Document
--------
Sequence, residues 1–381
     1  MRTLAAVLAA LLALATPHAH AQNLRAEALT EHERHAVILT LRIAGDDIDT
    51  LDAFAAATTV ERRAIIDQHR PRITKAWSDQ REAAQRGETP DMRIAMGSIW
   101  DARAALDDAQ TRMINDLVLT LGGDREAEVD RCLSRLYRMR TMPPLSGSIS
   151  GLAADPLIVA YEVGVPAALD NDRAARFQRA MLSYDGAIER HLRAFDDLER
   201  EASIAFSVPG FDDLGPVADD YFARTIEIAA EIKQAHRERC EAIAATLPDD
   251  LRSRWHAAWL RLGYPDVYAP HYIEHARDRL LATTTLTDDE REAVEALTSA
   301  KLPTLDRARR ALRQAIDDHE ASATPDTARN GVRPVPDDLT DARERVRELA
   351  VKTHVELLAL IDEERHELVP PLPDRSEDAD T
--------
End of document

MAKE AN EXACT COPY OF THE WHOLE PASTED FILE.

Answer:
Sequence, residues 1–381
     1  MRTLAAVLAA LLALATPHAH AQNLRAEALT EHERHAVILT LRIAGDDIDT
    51  LDAFAAATTV ERRAIIDQHR PRITKAWSDQ REAAQRGETP DMRIAMGSIW
   101  DARAALDDAQ TRMINDLVLT LGGDREAEVD RCLSRLYRMR TMPPLSGSIS
   151  GLAADPLIVA YEVGVPAALD NDRAARFQRA MLSYDGAIER HLRAFDDLER
   201  EASIAFSVPG FDDLGPVADD YFARTIEIAA EIKQAHRERC EAIAATLPDD
   251  LRSRWHAAWL RLGYPDVYAP HYIEHARDRL LATTTLTDDE REAVEALTSA
   301  KLPTLDRARR ALRQAIDDHE ASATPDTARN GVRPVPDDLT DARERVRELA
   351  VKTHVELLAL IDEERHELVP PLPDRSEDAD T